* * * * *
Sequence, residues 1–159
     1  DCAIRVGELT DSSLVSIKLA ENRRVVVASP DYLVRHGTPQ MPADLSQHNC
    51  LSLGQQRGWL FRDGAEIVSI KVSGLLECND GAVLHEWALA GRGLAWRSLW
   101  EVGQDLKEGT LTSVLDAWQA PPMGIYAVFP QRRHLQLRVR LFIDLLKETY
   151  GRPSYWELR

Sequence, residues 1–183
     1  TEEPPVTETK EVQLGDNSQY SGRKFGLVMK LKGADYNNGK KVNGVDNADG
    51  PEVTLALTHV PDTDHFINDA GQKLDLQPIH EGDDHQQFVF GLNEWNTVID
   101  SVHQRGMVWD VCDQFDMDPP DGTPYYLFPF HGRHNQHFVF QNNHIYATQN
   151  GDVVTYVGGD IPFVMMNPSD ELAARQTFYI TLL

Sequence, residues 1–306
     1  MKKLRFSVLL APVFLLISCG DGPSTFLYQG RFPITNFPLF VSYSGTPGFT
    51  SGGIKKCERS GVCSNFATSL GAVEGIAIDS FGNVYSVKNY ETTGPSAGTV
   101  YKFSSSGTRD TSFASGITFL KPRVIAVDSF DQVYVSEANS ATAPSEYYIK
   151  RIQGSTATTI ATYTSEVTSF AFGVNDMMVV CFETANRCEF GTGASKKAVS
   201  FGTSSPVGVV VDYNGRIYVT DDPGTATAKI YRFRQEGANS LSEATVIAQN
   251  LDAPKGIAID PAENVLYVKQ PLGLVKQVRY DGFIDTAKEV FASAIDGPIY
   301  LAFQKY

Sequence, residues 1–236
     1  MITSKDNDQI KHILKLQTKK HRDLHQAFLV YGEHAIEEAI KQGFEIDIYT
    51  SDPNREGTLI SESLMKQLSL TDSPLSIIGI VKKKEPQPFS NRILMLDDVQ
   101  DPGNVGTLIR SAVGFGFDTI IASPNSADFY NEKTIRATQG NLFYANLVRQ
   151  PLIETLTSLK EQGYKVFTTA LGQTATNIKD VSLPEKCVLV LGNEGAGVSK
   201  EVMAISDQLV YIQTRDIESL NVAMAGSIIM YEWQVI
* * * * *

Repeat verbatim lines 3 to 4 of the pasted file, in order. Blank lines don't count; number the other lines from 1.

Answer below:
    51  LSLGQQRGWL FRDGAEIVSI KVSGLLECND GAVLHEWALA GRGLAWRSLW
   101  EVGQDLKEGT LTSVLDAWQA PPMGIYAVFP QRRHLQLRVR LFIDLLKETY